Monday, December 20, 2021

Inconvenience and Whining

 This fourth Sunday of Advent fell in a weekend of difficulties, frustrations, and inconveniences. Just the sorts of things that feel like irritating stones thrown into your path, one after another, by God who is trying to do something ... and you're not sure what. 

I said I would not careen into Christmas, but this fourth Sunday of Advent does put that intention to the test. Our Lessons and Carols service at church was at 6:00 last night. This one time each year, I'm in charge of the service, of what happens. Adam gets to sit and enjoy it, which is so good for a pastor occasionally.

But we had a fun and exhausting "big dinner" to attend on Friday night. And farmers market on Saturday morning (and all the labors that lead to that). Cookie baking happened on Saturday, but I was tired, and kept noticing the general slovenliness of the house. I'm waiting to clean until today and tomorrow, but the grime was building up. This irritates me. Adam went back to the school to do classroom work he couldn't do before, from 7:30 - 3:00. He wanted to go back and do more today, but I growled at him and put my foot down. "You are on break!" I said. "We will rest now!" I was saying to myself.

One of my hand chime ladies fell ill and was in the hospital, throwing my musical plans for Sunday night into chaos. I shuffled around and made "O Come, O Come, Emmanuel" work somehow, while worrying about her health and feeling guilty that I was even bothered about hand chimes when she was hospitalized. 

I had to practice: 1) a solo with my auto harp (an instrument I'm ill-at-ease on), 2) a duet ("Do You Hear What I Hear?" that I'd arranged and hand-written on staff paper in pencil with many scratches and mistakes, and with only a few words scribbled on the page, scrunched between wonky quarter notes, 3) "O Holy Night," which we'd thrown in there at the last minute, 4) various preludes and the carols, of course.

Then there were candles to put in windows, poinsettias to water, refreshment tables to arrange, holly to snip, more cookies to bake, programs to print and reprint. (How could I make three mistakes in such a simple document?) So Much To Do. And I must do it all with a smile and a happy spirit because I am, after all, the pastor's wife, and I've been doing this for many years, and none of these little difficulties should get to me now. 

But they do. And I have learned self-control over the years to suppress my inner rage at minor inconveniences. Now I simply whine ... at home.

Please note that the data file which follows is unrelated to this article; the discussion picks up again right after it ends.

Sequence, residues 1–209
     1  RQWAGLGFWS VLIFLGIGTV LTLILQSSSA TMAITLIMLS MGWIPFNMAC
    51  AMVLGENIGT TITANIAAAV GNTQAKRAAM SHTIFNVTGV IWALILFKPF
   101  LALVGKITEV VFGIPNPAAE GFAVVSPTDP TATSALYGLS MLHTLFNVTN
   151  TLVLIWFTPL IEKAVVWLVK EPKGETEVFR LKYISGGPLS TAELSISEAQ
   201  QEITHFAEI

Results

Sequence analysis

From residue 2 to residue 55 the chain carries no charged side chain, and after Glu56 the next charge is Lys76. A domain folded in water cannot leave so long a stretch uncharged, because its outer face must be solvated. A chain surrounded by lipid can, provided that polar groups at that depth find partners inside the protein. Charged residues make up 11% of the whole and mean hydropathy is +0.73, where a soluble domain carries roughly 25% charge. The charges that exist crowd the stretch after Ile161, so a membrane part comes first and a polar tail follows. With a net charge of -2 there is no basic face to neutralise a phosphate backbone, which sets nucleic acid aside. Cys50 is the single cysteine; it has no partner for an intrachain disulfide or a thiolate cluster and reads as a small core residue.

Sunday morning after snipping new holly to replace dead holly in the sanctuary, I suddenly developed a sharp muscle pain in my back, just under my shoulder blade. Adam rubbed it, I took Tylenol, and I went on with my day. But I did ask God, "Really? This childish behavior again from You? We both know you've already got my attention. We both know I have issues with my attitude when things don't go absolutely smoothly. Do you really have to remind me again to slow down and not care so much about the details? I already know that, God!" (I took more Tylenol in the afternoon.)

But I have to relearn regularly to lay down my little idols at His feet and remind myself that they are worthless, lifeless things. Even preparing a worship service can be an idol. All ministry can quickly become an idol because it has the trappings of religion all around it, and it smells and looks like God. But it's not God Himself. It's far too easy to worship the ministry work, and not worship the Lord Himself. As I sit at the piano in the sanctuary week after week (and especially last night), I close my eyes and pray, reminding myself that I'm there to worship too, not just to facilitate others' worship. I disengage my thoughts about what key signature I'm supposed to be in, whether my voice will cooperate, whether this or that song was the best choice; I turn my mind around again to worship. 

Today, we rest.

Tuesday, December 14, 2021


 Home is the quietest place, the place most calming to the spirit. I'm home as much as possible, and it heals me. I'd never considered how homeless Joseph, Mary, and Jesus were, after they left  Nazareth. How utterly homeless did Mary feel when they went to the home they were expecting to stay in, in Bethlehem, only to be told that the guest room was already occupied, and there wasn't space for them? "All we can offer you is where we keep the animals." Have you ever lost your home? (We have.) Being without a home is spirit-crushing.